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Photos: Salvage Under Way for Capsized Tug in Outer Banks

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The Miss Bonnie up against the Old Bonner Bridge, November 17 (NCDOT)

By The Maritime Executive 2019-11-22 13:55:54

On Thursday, salvage operations began for the semi-submerged tugboat Miss Bonnie, which went aground and partially capsized adjacent to the Old Bonner Bridge at Oregon Inlet, North Carolina. 

At about 1109 hours last Sunday, while operating in poor weather conditions in close proximity to the bridge, the tugboat grounded and was overwhelmed by storm surge. This caused the tug to partially capsize and sink. Thanks to the assistance of a good samaritan vessel, all eight crewmembers escaped without harm.

A Coast Guard patrol boat noticed a diesel sheen emanating from the wreck on Monday, and a commercial response crew has monitored and conducted spill abatement. The U.S. Coast Guard says that it has overseen the deployment of 2,500 feet of sorbent boom and 1,600 feet of containment boom around the vessel to prevent any further spillage. The maximum potential for discharge is 6,000 gallons, but the Coast Guard believes that only 3,000 gallons were onboard the Miss Bonnie at the time of the casualty.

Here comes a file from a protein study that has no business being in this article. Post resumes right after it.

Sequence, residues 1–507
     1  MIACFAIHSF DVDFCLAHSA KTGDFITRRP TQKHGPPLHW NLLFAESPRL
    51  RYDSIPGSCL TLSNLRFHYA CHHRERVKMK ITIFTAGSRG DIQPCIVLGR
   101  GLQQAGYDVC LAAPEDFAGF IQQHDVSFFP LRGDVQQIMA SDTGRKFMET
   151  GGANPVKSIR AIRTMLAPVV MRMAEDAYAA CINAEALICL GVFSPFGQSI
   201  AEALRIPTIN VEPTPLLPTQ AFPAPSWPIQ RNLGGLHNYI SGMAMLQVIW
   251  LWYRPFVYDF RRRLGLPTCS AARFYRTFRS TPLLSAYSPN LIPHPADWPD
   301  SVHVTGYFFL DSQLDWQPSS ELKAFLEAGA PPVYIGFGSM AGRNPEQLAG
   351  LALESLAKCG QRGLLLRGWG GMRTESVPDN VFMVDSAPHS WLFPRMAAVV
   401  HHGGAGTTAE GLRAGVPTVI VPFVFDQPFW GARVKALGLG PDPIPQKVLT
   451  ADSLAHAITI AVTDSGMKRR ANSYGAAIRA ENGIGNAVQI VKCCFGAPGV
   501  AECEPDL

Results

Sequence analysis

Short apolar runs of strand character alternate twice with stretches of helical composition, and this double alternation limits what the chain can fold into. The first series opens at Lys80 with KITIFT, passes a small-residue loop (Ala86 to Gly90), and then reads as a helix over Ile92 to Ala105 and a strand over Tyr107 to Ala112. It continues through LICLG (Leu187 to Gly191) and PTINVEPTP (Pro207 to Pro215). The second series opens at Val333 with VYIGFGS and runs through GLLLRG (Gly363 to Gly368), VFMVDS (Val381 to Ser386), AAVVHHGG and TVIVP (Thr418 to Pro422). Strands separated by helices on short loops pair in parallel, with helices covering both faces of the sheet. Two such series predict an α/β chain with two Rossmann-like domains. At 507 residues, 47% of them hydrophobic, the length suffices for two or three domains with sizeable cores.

There have been no reports of impacts to wildlife, and the channel remains open to vessel traffic. The cause of the incident is under investigation. 

"We're taking every precaution to ensure that the salvage process is as safe as it can be for all involved," said Lt. Chris Fisher, Supervisor for Coast Guard Detached Duty Nags Head, N.C. "We're also dedicated to making sure that any additional discharge of fuel is captured and collected before it can impact the environment."

Parbuckling and salvage operations began on Thursday (below). Currently, the approved salvage plan calls for the vessel to be dewatered and towed to a harbor of  refuge where the responsible party can develop a tow plan for the wreck. 

All images courtesy U.S. Coast Guard District 5   

In addition to the USCG, the response team includes PCL Construction, NOAA, the North Carolina Wildlife Resources Commission and the National Parks Service. 

Any damage to the the bridge's pilings may be moot, as it is currently undergoing demolition. A replacement opened early this year, and the removal of the old span began in March. A portion of the bridge will be retained as a fishing pier.